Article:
NOVO 1 call center plans to hire hundreds in DFW
Jul 20, 2012 (Fort Worth Star-Telegram - McClatchy-Tribune Information Services via COMTEX) --
A Fort Worth company is preparing to cash in on the changes -- and confusion -- wrought by expansion of health insurance coverage under the controversial federal healthcare reforms.
On Thursday, NOVO 1 announced it plans to hire 600 workers: 300 at its Fort Worth call center in the Centreport office park just south of Dallas/Fort Worth Airport, 100 in Denison and 200 in Holland, Mich.
CEO Mary Murcott said two-thirds of the local hires are related to increased demand from insurance companies for licensed agents specializing in healthcare, as are about half of the new positions in Denison and Holland.
"Healthcare reform has created a lot bigger marketplace," Murcott told the Star-Telegram.
"This year will not see much change, but we are changing the tools we use and are getting ready for next year."
"They're a mixed blessings," she said of the Obama administration's signature legislation, which critics call Obamacare, and which has become an emotional issue in the presidential contest. "A lot of complexity comes with choice. It's our job to bring down the level of complexity and make it easier for the consumer."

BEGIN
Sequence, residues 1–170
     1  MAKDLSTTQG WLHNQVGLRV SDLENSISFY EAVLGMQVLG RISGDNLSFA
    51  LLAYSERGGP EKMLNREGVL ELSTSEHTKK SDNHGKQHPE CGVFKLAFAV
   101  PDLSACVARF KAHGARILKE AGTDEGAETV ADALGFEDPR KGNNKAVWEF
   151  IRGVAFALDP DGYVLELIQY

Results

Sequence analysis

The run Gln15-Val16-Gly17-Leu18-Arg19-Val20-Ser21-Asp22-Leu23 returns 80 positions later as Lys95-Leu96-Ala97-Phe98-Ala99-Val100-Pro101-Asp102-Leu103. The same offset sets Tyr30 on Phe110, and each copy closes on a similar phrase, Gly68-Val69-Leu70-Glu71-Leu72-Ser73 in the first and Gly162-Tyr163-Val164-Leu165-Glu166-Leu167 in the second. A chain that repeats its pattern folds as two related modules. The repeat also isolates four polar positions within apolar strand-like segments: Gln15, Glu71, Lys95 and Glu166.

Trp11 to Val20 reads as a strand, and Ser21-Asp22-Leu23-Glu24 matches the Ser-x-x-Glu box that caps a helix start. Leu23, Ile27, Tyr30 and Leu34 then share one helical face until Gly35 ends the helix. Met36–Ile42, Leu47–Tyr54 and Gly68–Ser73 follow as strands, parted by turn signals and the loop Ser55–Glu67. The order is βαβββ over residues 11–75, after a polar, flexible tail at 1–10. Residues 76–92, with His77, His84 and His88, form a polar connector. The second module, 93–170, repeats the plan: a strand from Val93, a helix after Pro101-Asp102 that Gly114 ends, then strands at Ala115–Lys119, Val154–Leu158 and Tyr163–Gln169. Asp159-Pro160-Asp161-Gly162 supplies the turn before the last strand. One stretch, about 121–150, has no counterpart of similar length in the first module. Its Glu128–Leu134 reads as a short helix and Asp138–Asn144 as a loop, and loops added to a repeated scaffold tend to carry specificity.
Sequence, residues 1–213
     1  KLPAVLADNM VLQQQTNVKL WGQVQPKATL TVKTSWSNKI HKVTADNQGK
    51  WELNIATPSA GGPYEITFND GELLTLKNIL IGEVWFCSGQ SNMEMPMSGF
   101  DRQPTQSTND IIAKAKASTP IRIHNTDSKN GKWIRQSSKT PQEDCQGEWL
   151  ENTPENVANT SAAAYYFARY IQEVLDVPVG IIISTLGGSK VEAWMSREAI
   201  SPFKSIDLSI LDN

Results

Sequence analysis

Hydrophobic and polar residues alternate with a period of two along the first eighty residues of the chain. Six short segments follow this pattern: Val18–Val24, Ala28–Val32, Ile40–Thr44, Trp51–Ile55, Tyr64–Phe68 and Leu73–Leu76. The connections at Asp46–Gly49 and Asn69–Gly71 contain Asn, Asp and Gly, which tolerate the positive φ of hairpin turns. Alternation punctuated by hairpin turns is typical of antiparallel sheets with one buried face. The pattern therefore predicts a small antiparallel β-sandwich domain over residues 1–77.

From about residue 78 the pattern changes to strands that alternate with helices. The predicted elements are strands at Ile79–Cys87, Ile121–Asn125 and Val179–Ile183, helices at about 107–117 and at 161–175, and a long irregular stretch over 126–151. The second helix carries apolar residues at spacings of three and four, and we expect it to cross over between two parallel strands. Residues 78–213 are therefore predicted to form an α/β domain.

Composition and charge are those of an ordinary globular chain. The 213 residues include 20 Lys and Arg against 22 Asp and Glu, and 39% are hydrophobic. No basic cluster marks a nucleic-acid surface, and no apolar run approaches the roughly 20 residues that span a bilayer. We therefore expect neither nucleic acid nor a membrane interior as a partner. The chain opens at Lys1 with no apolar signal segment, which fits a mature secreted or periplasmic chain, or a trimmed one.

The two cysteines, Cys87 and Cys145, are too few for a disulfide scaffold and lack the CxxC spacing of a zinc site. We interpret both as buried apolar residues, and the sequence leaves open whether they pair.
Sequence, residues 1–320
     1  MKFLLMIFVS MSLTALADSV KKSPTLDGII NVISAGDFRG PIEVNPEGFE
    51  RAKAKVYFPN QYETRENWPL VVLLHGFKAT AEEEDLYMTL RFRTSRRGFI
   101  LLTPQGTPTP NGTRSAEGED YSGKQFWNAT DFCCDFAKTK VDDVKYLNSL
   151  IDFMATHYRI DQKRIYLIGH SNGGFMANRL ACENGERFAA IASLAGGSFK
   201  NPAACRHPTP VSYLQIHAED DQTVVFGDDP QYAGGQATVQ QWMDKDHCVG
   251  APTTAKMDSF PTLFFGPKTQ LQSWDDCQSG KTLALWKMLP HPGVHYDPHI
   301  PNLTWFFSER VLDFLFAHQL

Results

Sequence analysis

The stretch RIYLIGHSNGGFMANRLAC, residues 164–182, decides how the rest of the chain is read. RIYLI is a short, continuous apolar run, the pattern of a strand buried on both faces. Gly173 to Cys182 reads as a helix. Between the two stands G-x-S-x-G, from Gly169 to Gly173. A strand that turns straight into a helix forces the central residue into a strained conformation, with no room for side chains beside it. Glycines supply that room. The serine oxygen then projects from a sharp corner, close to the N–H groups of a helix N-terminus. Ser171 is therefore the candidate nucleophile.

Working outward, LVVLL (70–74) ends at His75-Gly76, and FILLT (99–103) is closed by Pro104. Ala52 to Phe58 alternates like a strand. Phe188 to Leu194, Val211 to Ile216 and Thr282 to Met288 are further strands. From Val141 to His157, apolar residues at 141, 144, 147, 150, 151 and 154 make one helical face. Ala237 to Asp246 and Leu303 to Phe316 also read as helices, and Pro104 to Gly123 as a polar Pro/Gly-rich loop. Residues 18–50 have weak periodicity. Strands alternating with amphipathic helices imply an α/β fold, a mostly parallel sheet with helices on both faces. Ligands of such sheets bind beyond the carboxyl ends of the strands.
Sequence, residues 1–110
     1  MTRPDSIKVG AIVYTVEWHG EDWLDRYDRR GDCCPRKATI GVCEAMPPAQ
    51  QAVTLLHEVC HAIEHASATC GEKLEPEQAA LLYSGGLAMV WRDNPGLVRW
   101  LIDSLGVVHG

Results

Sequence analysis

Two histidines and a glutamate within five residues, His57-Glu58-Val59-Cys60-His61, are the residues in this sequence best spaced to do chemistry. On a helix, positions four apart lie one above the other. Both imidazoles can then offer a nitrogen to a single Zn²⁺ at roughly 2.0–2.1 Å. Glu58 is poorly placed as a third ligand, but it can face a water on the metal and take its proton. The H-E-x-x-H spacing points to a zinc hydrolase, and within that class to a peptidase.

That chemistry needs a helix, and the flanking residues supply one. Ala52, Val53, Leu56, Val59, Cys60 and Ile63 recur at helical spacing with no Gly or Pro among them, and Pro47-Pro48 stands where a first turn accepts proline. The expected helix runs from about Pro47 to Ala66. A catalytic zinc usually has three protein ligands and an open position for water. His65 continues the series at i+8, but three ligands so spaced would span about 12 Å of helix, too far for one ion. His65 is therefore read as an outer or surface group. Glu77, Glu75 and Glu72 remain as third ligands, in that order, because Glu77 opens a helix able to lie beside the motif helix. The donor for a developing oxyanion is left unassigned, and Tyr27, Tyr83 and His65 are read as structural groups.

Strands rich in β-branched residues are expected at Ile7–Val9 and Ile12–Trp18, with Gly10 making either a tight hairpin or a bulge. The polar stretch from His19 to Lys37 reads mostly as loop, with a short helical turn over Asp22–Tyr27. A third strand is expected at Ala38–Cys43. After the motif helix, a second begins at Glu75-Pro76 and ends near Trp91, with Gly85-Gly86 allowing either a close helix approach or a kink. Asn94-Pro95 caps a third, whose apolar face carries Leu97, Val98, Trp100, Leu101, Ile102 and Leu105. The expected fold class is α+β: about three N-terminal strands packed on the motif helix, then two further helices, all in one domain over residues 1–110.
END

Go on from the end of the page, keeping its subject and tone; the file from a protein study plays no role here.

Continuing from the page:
Job opportunities range from licensed agents and customer service advisers to trainers and recruiters, the company said.
"We have year-round work opportunities for licensed insurance agents following open enrollment and are prepared to groom new employees for leadership positions within the company," Murcott said. NOVO 1 will cover the cost for a 40-hour course and the test to qualify a person be certified as a licensed agent in all 50 states.
"As a result, a new employee saves $6,100 in out-of-pocket expenses and is the owner of the license," she said.
NOVO 1, which currently has 1,000 employees locally, was originally a call center unit of American Airlines but was spun off 27 years ago, spokesman Jack Wilkie said. Private equity firm Glencoe Capital acquired the firm from George Dalton in 2009, Wilkie said.
Some of the new jobs will be full-time but temporary.
Murcott said the company is expecting a crush of business during initial open enrollment periods, which would require peak staffing.
Many of the additional jobs in Fort Worth are related to a new contract from a firm that has developed computer navigational tools to help NOVO 1's staff explain the differences between health insurance plans.
Wilkie said NOVO 1 has demonstrated that it can compete with call centers in Asia, where wages are far lower, by resolving customer service issues in one call instead of several tries to a foreign center.
The firm has 60 major clients and 150 smaller ones, providing inbound customer service and sales staff. They may deal with stranded motorists calling for roadside assistance or field calls to energy and retail companies, he said.
Murcott said she is all too aware of the challenge dealing with calls stemming from new insurance plans, noting that customer service surveys rate the U.S. healthcare industry at the bottom of the pile along with cable companies, wireless and Internet providers and a number of airlines.
Barry Shlachter, 817-390-7718
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